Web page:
How far can you locate solar generation from the end use place?
System Posts: 2,511 admin
I would like to spread the cost of a solar installation over two residences - both are conservative users of power. As the crow flies, the houses are 633 feet apart and connecting by wire would be more distance as the terrain does not lend itselt to a straight line. But the basic question is, can you ship solar power this far from the source? Initially, my plan is to capture the sun at the sunniest location which would make the distance even greater. Depending on the answers I get, perhaps I can rethink and figure out how to locate the collector panels somewhere between the two houses. Thanks in advance.
0 · Share on Twitter
this is an interesting scenario as most won't be able to share in such a way something as big in nature as solar would be without drawing up a contract to insure the interests of all parties are agreed upon and followed. now if all is good between the 2 parties involved i would have to know if this is to be a battery backed system or straight grid tie system. with the battery system this allows for backup to the grid or no grid at all, but the other (straight grid tie without battery backup) has no batteries and just runs the electric meter backwards. in any case i'd recommend sending the power after it has been inverted to 110vac or even 220vac with the kind of distance involved to the next house. you still have to have wires, but battery voltages being sent that kind of distance would lose too much power via voltage drops even if using 48vdc. with higher currents and distances involved you experience more of a voltage drop and higher power losses and you will in all probability need some heavy wires. you may have less of a loss and smaller expenses keeping the pvs on the less productive property to provide for that less productive property rather than putting them over at the better situated property and sending the power that distance to the poorer one. you will have to determine which is better as none of us could do that for you by descriptions. even compromizing with the pv system midway then presents equal power distribution problems to both properties even though the distance to any house is now cut in half as you still need to send power to 2 houses in 2 different directions so nothing is saved in doing this.
I really wonder just how much you would save by having a double sized system to run two houses?
I think that in both the long and short term, ALL things considered, you'd be better off with two independent systems. Remember; good fences make good neighbours. Hey, it wasn't me that ran the @!*^*@!! batteries down!
Thx both for your responses. The houses are both in the family - one is mine and one is my father's so no problem there. But is sounds like neither of you think it's practical to run current that far. I know nothing about electricity and am just exploring options. But if I can't ship electricity 600 feet, how does the power company manage..... no need to answer, just one of those 'if they can, why can't I" questions.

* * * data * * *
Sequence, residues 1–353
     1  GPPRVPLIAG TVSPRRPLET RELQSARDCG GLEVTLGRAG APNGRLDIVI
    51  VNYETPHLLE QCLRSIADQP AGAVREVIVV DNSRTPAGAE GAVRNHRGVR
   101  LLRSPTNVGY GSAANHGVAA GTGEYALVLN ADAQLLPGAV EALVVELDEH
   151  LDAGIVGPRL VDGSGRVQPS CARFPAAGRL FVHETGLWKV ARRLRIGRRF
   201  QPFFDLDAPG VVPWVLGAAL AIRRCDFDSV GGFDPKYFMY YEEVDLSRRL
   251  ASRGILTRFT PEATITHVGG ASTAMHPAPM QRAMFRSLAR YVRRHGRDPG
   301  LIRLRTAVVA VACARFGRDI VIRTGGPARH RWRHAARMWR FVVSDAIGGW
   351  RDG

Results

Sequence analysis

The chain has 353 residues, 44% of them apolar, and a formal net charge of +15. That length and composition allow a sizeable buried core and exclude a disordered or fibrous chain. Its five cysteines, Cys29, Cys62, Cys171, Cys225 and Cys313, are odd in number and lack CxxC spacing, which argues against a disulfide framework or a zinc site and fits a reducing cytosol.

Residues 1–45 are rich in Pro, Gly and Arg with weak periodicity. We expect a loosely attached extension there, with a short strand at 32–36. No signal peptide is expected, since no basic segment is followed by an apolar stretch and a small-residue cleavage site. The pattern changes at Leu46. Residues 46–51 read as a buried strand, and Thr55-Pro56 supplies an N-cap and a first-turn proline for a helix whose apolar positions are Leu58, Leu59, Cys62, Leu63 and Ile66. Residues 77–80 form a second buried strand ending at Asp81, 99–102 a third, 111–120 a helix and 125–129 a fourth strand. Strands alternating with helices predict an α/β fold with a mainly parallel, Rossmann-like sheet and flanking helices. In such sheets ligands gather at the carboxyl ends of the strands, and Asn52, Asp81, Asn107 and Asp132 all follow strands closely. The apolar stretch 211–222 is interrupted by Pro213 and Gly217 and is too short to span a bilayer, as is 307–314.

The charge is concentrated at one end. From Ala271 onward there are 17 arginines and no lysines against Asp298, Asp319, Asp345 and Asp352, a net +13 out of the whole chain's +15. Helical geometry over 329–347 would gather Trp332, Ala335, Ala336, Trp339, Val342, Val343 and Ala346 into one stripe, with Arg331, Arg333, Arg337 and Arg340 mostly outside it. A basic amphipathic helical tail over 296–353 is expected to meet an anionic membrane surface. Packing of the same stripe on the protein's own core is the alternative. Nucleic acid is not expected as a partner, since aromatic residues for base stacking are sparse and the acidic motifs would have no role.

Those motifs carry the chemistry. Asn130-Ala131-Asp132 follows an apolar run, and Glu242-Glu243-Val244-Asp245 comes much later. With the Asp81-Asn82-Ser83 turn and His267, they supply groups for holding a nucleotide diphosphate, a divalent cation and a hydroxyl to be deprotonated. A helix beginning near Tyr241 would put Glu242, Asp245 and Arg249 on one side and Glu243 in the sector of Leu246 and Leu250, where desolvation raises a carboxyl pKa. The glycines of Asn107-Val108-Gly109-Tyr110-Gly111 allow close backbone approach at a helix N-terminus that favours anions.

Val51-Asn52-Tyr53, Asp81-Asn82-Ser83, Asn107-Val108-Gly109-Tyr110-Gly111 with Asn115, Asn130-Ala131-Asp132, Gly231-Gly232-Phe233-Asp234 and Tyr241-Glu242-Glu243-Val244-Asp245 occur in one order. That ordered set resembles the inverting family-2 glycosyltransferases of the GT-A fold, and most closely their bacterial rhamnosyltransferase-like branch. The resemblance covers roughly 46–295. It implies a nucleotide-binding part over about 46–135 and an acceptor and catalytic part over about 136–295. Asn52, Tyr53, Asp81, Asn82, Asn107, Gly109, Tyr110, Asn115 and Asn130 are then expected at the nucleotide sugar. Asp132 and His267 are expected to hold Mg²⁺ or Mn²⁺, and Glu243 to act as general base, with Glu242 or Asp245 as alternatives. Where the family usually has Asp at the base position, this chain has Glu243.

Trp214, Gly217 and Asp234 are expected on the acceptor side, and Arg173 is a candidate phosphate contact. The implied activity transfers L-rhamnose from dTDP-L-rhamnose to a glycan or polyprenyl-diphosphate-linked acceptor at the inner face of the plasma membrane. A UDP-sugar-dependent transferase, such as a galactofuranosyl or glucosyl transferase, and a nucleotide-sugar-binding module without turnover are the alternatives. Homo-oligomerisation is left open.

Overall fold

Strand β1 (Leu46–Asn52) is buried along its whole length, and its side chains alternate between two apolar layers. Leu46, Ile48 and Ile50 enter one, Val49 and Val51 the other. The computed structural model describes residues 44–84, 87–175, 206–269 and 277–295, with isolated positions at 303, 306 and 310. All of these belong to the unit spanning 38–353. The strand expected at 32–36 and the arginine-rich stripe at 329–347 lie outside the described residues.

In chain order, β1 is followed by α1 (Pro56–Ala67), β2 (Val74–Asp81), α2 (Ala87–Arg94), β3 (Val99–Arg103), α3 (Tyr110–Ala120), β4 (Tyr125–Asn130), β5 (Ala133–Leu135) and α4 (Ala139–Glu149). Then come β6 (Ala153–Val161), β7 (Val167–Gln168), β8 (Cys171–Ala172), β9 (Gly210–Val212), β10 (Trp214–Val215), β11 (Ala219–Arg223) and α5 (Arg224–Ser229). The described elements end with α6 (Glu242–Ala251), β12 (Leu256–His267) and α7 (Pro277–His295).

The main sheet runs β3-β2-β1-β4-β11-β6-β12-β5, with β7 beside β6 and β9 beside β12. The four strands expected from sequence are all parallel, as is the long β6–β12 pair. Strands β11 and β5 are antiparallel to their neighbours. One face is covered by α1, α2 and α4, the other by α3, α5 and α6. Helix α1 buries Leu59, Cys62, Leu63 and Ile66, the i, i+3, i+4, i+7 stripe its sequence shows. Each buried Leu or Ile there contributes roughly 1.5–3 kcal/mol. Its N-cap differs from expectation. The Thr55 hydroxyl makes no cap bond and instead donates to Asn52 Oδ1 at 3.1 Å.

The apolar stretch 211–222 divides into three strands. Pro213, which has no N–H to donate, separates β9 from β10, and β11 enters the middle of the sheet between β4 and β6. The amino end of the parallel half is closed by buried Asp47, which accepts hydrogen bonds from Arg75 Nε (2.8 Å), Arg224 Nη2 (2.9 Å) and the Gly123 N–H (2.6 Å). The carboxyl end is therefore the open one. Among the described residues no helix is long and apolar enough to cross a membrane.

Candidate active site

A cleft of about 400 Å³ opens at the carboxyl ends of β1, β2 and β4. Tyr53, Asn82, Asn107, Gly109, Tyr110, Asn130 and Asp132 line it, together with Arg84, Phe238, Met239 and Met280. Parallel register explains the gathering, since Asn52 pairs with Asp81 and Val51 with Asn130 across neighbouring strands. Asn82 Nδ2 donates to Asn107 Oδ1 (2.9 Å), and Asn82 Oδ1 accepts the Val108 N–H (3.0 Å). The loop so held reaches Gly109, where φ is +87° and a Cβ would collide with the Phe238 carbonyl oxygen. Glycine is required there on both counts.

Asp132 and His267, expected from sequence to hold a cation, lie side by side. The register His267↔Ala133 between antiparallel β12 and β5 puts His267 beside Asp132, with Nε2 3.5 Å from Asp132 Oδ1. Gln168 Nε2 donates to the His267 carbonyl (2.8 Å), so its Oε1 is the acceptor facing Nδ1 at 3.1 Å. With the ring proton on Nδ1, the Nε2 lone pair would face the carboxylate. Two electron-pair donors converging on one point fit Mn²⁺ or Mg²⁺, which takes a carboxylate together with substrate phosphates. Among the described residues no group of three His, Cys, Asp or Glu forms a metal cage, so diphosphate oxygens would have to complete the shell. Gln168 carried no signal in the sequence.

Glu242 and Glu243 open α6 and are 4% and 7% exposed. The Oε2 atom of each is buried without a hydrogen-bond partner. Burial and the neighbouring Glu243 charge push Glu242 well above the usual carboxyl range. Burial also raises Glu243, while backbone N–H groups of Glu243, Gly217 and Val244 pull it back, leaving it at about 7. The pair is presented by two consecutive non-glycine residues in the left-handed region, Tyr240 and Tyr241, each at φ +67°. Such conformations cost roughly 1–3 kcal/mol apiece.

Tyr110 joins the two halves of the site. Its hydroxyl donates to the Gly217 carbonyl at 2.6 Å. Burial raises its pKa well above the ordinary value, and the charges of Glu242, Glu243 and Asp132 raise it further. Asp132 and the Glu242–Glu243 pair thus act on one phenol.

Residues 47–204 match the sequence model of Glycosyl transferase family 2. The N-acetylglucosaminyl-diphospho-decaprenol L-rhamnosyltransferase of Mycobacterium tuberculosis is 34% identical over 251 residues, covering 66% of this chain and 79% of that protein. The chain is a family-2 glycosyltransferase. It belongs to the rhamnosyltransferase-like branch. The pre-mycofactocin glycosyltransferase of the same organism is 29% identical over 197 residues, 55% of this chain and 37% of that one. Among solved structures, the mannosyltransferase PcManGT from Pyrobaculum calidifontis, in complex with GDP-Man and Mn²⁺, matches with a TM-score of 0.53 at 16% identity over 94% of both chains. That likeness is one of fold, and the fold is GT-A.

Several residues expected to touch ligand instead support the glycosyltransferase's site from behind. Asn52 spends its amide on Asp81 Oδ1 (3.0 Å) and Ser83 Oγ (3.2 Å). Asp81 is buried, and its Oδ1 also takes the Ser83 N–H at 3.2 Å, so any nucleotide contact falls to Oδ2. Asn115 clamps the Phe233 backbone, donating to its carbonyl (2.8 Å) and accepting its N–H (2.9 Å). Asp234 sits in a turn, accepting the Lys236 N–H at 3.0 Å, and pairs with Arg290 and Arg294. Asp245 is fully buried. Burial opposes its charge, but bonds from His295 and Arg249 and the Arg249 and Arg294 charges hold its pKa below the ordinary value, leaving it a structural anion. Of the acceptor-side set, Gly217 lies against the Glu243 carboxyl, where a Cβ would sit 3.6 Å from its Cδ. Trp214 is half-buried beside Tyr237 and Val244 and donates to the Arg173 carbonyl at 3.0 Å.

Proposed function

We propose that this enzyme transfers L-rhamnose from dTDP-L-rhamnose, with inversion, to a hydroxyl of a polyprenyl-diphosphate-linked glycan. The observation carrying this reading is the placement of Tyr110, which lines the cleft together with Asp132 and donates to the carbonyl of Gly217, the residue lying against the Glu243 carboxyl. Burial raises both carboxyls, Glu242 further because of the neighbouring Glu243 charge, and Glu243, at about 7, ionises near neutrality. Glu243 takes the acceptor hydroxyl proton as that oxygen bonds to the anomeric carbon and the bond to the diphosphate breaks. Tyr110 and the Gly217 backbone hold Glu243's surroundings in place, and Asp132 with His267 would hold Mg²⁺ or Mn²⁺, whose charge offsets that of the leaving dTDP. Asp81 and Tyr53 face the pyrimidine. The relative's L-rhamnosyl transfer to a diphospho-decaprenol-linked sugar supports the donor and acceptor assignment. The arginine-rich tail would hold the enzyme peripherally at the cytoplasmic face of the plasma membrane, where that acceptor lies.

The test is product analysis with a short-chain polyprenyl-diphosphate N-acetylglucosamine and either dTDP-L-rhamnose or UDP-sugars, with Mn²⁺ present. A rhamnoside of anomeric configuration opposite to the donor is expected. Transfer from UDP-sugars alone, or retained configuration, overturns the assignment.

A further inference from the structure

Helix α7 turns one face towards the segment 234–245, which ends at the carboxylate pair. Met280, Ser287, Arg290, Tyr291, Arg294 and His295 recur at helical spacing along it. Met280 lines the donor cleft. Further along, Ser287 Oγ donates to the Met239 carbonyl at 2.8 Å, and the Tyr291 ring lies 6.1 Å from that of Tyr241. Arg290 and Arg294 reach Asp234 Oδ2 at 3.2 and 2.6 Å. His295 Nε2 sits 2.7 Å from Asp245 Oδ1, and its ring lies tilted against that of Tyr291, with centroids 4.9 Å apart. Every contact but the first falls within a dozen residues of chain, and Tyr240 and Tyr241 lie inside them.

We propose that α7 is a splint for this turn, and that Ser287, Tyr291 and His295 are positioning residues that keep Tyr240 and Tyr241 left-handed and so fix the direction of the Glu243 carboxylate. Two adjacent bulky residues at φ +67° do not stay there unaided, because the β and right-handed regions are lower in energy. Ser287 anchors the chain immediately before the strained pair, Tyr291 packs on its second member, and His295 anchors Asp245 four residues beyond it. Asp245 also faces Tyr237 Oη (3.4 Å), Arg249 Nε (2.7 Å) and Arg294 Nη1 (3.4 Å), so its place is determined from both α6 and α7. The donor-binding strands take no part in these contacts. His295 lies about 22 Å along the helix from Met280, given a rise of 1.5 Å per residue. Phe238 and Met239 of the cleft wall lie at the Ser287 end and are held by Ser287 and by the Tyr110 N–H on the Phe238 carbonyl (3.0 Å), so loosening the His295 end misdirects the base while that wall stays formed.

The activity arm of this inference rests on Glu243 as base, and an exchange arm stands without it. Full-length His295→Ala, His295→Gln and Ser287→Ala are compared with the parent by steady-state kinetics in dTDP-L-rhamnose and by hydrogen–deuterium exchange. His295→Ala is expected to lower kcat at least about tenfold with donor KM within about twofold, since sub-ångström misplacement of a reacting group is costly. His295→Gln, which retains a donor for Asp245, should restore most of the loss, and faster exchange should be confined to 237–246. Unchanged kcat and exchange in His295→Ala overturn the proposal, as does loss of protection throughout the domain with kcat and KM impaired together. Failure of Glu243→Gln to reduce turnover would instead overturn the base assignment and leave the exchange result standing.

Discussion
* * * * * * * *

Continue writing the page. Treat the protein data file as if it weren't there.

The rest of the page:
i'll answer for you. they run much much higher voltages along the poles. there are lines in front of my house that are 69,000volts. it goes through transformers nearer to the area to be serviced and into all of the houses. some power lines are much higher in voltage than that too. that is the key is higher voltages to overcome the resistive losses sending power any distance incurs. you could run the pv power into inverters to make it 120vac, but the losses are still high when going the distances you are refering to. the power companies do incur distances like that, but they don't care of the losses as they aren't paying the amounts of money you will be for your power through pvs.
Are you on-grid or off-grid for utility power... If you are on grid and just intend to use Grid-Tied solar for power--you probably can do it with a Grid Tied inverter... Those operate at 240 VAC and you could probably put a transformer in circuit to up that to 480 VAC (standard home type wiring is usually rated to 600 VAC)...
Or even send DC the long distance as some of the Grid Tie Inverters operate in the 180 to 550-600 VDC range (Xantrex is one).
If you want off-grid power, then it is a bit tougher as battery systems and charge controllers generally are not at that high of voltage (and therefore, you need more copper (or aluminum) to carry the current without too much losses).
And, given the size and location of the project, you will have to be very careful with lighting protection.
Lastly, it also depends on how much power you intend to generate/use... If this is a pure grid-tie system, then the maximum power will be whatever the ratings of the solar panels/inverter are (3 kW, 5 kW, etc.)... If this is an off-grid system, then the current ratings will be dependent on what you are running (a few lights, TV, stereo--or will it be a deep well pump, forced air heat/AC, washer/driers, lots of lighting, etc.)... The amount of current required will determine how much per foot it will cost you to string the power to your homes.
Here is a nice link that discusses many of the issues with running circuits to out-buildings (based on old 1999 NEC--but it is a good place to begin):
I would talk with an electrician to see how much it would cost you to run the cables you need (and if there is an accepted method for sending power the distance you need)--and cost out the alternatives.
-Bill "I am not an electrician" B.